Why I miss the affection of the nickname game
"Peanut", "Nobby", "Bandit", "Thunderthighs" and (my favourite) "Sideboard Sid the test-tube kid" - these bizarre names, and many more, are etched on my memory along with the faces that go with them. They were the nicknames of some of my teachers.
What an irreverent, disrespectful class of `76 we must have been to address them in these terms. And they say the pupils of today have no respect for their teachers? Based on these names we would seem to have had even less.
It appeared that virtually every member of staff was assigned a (usually not very flattering) name by which they were known to generation after generation of mischievous youths. Some are still referred to by these nicknames today, long after their actual names have been forgotten.
The tables were turned on me within a few months of starting my first teaching job. I remember learning, much to my chagrin, that my pupils had christened me "Basil". How dare they?
Perhaps it was because the school was in Torquay. Perhaps they had noticed I was a great admirer of John Cleese. But I had to accept it was more likely they had picked that name because I bore a vague similarity to Mr Fawlty, including the moustache and characteristic gait.
After getting over my initial mortification I began to see it, rightly or wrongly, as a sort of compliment - a sign of being somehow accepted by the pupils in my new school and having arrived as a "proper" teacher.
So I find it strange when I look around the staffroom today that I do not know if any of my colleagues have been given nicknames. As far as I know, not one of us has. Is this a good sign, or has a tiny part of our heritage somehow slipped away?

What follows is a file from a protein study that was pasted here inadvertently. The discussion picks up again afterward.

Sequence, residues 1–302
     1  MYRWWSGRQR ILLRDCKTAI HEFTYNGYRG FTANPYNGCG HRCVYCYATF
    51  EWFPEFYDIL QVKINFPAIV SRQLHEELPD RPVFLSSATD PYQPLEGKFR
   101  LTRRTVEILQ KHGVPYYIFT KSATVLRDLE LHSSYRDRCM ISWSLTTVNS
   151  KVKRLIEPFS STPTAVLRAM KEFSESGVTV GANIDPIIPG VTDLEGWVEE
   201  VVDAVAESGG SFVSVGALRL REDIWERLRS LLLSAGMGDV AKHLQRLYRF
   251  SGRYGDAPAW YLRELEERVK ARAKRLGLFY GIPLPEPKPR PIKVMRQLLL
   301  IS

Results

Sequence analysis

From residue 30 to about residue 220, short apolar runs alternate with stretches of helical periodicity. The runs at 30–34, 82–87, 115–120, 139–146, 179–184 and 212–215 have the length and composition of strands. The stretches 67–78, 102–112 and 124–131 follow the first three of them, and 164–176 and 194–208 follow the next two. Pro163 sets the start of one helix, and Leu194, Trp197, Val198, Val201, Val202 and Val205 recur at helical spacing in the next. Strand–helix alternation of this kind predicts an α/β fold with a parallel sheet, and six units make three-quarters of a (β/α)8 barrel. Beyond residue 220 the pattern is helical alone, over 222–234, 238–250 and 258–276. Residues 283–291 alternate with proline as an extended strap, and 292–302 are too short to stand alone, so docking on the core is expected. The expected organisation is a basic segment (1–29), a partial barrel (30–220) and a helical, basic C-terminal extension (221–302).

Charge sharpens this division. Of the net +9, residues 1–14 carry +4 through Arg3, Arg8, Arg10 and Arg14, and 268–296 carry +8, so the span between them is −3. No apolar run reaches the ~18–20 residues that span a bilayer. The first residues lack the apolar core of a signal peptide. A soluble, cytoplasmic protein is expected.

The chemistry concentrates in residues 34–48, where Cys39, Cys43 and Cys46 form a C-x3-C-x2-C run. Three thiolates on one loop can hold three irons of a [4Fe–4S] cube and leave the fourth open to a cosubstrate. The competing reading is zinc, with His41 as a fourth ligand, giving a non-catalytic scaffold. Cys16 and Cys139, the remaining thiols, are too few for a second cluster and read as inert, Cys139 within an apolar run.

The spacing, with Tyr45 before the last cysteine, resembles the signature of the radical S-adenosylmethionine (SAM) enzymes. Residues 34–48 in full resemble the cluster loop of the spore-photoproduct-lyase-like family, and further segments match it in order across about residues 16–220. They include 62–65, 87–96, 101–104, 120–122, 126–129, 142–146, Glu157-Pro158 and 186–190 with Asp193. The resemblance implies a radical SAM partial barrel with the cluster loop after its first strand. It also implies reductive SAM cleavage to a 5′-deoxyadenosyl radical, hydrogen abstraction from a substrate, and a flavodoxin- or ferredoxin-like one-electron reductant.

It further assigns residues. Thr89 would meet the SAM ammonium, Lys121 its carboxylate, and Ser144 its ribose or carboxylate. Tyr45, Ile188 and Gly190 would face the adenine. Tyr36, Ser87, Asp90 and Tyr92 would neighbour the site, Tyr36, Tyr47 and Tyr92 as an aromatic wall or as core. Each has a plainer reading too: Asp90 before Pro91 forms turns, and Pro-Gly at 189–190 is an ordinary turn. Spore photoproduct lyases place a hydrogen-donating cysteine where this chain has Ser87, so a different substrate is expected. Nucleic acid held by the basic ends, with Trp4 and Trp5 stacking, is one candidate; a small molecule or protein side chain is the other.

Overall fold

Maybe as teachers we are not meant to be aware of these secret tags. It may be that our charges do still plot ingenious, often cruel, nicknames but our intelligence-gathering is not what it used to be. Or maybe the kids are simply too streetwise these days and can no longer be bothered with such puerility.
Could pupils be more aware of their teachers' feelings and keener not to upset us? I doubt it.
The insults are more prosaic now. The best I have come across in recent years was finding "Mr Davies is a bastard" scrawled on a desk in my room (note the all important "Mr"). Not much subtlety in that.
So why the lack of imaginative nicknames? It's not as if we have a shortage of idiosyncrasies or unfortunate surnames in our staffroom.
More likely it is a symptom of the changes that have occurred in our schools over the last 20 years. Maybe all those nicknames that once seemed quite cruel were actually indicative of something else - a strange affection or even grudging respect for the staff.
They were created in a time when the world was less politically correct and a different dynamic existed between pupils and teachers. Our schools are now required to act more like businesses when once they were communities. Still, that's progress.
- Geraint Davies, Head of arts faculty, Llantarnam School, Cwmbran.